I might reconsider my goal of swimming an open water marathon by the time I turn thirty-five, or perhaps I’ll just swim it in the pool instead. Last year when I swam twelve miles around the Charleston, South Carolina peninsula, I chose to be blissfully ignorant of what was in the liquid realm surrounding me.
My denial ended when I listened to the EPA’s webinar last week and learned that fecal contamination is the contaminant of concern for the new Recreational Water Quality Criteria (RWQC). Scientific studies show a link between illness and fecal contamination in recreational waters. The new criteria are designed to protect primary contact activities such as swimming, where incidental water ingestion is likely. The last time the EPA issued ambient water quality criteria recommendations for recreational waters was over twenty years ago!
It is comforting then, that the new RWQC are based on the latest science and address additional illness symptoms than those addressed by the 1986 criteria. The 2012 RWQC use two bacterial indicators of fecal contamination: E. coli and enterococci. According to the webinar discussion, while some states still use fecal coliform as an indicator, E. coli and enterococci prove better indicators of fecal contamination.
The strengthened recommendations include a new rapid testing method that states can use to determine if water quality is safe within hours of water samples being taken and an early alert approach for states to use to quickly issue swim advisories. Though there is limited experience implementing Method 1611, the EPA strongly encourages states to do so because currently accepted culture methods require one to two days to obtain results, whereas Method 1611 requires only three to four hours.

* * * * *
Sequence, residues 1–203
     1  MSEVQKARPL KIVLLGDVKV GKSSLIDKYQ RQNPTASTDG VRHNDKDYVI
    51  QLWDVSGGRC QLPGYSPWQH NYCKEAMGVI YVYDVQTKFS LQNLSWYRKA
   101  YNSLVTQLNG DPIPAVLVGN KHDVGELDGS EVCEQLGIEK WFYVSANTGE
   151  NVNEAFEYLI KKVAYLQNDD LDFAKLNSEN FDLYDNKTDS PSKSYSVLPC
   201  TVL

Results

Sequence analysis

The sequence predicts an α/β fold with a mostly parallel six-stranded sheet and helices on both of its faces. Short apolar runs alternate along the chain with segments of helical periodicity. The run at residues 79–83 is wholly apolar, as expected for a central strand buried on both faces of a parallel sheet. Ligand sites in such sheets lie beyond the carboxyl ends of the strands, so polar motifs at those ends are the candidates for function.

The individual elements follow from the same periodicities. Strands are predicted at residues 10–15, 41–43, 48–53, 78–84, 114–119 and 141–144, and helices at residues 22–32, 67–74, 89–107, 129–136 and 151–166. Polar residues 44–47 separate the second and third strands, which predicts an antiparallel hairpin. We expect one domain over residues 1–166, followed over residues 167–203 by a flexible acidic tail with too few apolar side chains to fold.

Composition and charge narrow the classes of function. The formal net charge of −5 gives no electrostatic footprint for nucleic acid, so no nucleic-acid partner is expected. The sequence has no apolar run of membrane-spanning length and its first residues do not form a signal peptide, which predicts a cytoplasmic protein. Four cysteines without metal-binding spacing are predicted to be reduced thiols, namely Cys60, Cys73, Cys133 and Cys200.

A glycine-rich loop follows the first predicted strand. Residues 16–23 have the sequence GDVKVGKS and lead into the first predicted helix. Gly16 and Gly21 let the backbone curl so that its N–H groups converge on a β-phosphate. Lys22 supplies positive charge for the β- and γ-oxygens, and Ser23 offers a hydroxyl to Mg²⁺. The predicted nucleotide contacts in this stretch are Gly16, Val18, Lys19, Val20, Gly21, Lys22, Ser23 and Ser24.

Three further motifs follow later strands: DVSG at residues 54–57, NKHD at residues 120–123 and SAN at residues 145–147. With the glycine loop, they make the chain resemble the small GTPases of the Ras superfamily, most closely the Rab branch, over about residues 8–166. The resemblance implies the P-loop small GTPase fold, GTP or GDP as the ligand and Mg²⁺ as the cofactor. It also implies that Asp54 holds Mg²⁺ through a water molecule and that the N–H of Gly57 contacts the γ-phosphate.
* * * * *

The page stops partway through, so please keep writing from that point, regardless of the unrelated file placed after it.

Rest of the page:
But the new recommendations are just that: recommendations. States and tribes may adopt other water quality criteria that differ from the EPA’s so long as the criteria are scientifically defensible. So to a swimmer like me, these improvements do not alleviate fears of swimming in fecal contamination because the improved criteria are not required. Moreover, the rapid testing results may be lauded as an improvement, but as a swimmer, I would hope that rapid results are the norm.
I consider numerous environmental factors when preparing to submerge, including air temperature, water temperature, wind strength, current strength, and the timing of tides. I even consider wildlife feeding habits, dare I interfere with an animal and its food, or be mistaken for food. My feet touch the sand, and within minutes of considering these factors, I take to the deep blue abyss. Due to the EPA’s very informative webinar, I am now prepared to hang out on the beach until the results come in. Or is chlorine the way to go?